Stop the Bleed is a national awareness campaign that aims to train people on what to do if they or someone around them needs help in an emergency before first responders arrive. A Fresno woman credits being alive today to what she learned at a Stop the Bleed class at Clovis Community’s HealthQuest.
Kathleen Harrison has spent her life taking care of horses.
“It’s just a pleasure, you get an opportunity to interact with nature more, they are always thrilled to see you, and it’s very fun,” stated Kathleen.
She’s always lived on a ranch, often in remote parts of Fresno County. Last Summer, Kathleen was living on one off McKinley avenue.
Kathleen commented, “It’s a large parcel. It’s a former showcase horse breeding facility.”
She said her neighbors were on vacation, so there wasn’t anyone around when she was out trying to fix a t-post wire fence that had been partially bent out of place.
“The t-post fence was crooked and in a position where, if the horse up front had started to wander around, she might have in fact cut herself,” said Kathleen.
Concerned about the safety of her horse, Kathleen describes how she grabbed the t-post to try to align the fence.
“Pulling them to straighten them up after the other horses had pushed them away, and it recoiled on me and took the wrist,” explained Kathleen.
Kathleen’s cut on her left wrist was so deep, her ligaments were exposed. There was no one around to help. Kathleen had to go into action herself.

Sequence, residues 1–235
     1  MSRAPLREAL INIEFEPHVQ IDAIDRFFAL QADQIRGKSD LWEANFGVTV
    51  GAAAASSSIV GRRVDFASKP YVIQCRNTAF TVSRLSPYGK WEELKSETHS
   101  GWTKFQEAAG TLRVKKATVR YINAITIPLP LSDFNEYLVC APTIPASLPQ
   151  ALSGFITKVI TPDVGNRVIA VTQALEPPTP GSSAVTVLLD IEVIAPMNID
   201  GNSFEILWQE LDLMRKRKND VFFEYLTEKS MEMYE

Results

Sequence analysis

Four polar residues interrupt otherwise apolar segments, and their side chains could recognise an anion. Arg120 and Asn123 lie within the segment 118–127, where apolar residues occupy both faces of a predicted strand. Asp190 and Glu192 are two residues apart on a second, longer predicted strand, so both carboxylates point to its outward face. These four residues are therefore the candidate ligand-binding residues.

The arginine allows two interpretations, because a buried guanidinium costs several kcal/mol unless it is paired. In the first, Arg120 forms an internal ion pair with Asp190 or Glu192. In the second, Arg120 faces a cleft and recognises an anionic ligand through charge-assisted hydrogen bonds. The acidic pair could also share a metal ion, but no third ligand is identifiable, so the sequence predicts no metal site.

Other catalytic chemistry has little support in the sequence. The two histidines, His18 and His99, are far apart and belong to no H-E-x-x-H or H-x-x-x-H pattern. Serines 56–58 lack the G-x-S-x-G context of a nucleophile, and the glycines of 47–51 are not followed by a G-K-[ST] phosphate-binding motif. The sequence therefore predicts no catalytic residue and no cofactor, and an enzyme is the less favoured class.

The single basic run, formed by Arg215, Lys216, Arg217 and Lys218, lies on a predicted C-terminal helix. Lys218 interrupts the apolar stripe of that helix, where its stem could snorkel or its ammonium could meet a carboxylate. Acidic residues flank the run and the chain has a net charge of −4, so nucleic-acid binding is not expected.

She said, “So I remembered to elevate it, had only a rag in my pocket, but banded that around so that I was able to hold pressure.”
Just a few months prior to cutting herself, Kathleen had attended a Stop the Bleed seminar at Community Medical Centers. It was there where she learned about the nationwide program.
UCSF Fresno Assistance Trauma Director Dr. Lawrence Sue explained, “The whole thrust of this program was to empower the lay individual to want to do something or to be able to have the knowledge to do something.”
Dr. Sue said Stop the Bleed was put together after several mass shootings at schools showed many victims had died from bleeding.
“It takes about 20 to 25 minutes for the first rescues to occur, and when someone’s bleeding, especially heavily bleeding, that’s too long,” warned Dr. Sue.
In a traumatic incident, if someone loses between 30 to 40 percent of their total blood volume, their body will likely go into shock, or they can possibly die, according to Dr. Sue. Stop the Bleed teaches people to not only help others in need, but also themselves.
“With the information I got from Stop the Bleed, to bind it, no bleeding, and drive myself to the hospital,” recalled Kathleen.
Stop the Bleed gives people the knowledge to do a quick assessment of an injury, apply direct pressure to the wound, pack the wound, and apply a tourniquet if one is available. A tourniquet is a tight band used to control bleeding by completely stopping the blood flow to a wound.
Dr. Sue said an incident like what happened to Kathleen, illustrates that the tools taken away from Stop the Bleed can be used at anytime.
“It doesn’t have to be a disaster or a massive casualty incident or shooting or anything like that, it can be in your house,” stated Dr. Sue.
Kathleen said she doesn’t know what would have happened had she not had the knowledge from Stop the Bleed to help herself. But, she’s very glad she did.
She ended, “I quite frankly probably would have gone into shock.”
Community Medical Centers offers Stop the Bleed courses on the fourth Tuesday of every month. To register, email firstname.lastname@example.org or call (559) 459-5133.